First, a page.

Labe Water Bottle M1915 / Labeflasche mit Trinkbecher M1915: Quite often called the Sanitäter or medical canteen and had a larger capacity of 1.2 litres. The canteen-drinking cup was originally made from aluminum and later in tinned steel, which sat on top of the bottle covering the cork plug. The light brown-grey felt covering is reinforced around the neck and rear. The natural coloured leather-carrying device enabled the canteen to be hooked to equipment or with an added harness hung over the shoulder. From November 1917 the leather straps were replaced by Papierstoff (a cloth substitute made of compressed paper-like fibers).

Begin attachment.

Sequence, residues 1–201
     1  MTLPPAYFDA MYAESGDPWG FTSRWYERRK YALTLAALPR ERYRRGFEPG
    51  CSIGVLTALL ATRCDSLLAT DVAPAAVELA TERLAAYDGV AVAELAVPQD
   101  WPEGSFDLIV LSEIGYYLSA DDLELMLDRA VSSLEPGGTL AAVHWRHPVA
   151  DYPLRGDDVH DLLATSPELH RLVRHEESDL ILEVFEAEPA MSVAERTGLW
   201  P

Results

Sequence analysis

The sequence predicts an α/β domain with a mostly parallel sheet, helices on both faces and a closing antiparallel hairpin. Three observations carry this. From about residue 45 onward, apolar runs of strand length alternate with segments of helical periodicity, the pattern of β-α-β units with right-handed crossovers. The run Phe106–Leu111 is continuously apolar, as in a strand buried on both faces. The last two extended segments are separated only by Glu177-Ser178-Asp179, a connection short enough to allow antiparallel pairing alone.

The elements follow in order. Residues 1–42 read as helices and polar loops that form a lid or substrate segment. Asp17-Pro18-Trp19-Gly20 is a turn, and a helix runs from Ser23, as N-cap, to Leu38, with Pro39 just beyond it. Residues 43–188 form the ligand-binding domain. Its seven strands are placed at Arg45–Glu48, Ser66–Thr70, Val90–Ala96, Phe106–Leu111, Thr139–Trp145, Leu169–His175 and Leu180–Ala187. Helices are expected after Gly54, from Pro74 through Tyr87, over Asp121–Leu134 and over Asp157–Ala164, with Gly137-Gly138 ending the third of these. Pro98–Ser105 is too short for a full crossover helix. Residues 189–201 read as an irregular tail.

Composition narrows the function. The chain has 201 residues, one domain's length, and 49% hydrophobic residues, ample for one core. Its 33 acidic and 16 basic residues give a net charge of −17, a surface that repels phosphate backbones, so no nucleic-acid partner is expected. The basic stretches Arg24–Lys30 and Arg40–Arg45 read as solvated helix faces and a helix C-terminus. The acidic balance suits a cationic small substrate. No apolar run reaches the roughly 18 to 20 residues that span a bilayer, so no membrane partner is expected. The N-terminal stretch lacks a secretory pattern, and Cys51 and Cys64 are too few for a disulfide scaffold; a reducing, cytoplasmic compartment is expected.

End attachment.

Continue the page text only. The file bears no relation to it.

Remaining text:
Canvas Gas Mask Holder / Segeltuchtasche für Gasmaske: In 1915 a canvas gas mask holder was issued with 2 dividing sections within, which stowed the mask, filter and reserve-filter in a metal tin. The holder was generally worn either attached to the belt below the rucksack at the rear, or on the right side/front by means of 2 belt loops, fastened with zinc buttons. Later versions of the holder had ring attachments on each of the belt loops enabling the fixing to the bread bag. Although, generally used in the early part of the war, late war photos still show troops issued with this holder. During combat the gas mask would of cause be more often worn at the front, sometimes even hung around the neck in the ready or alert position.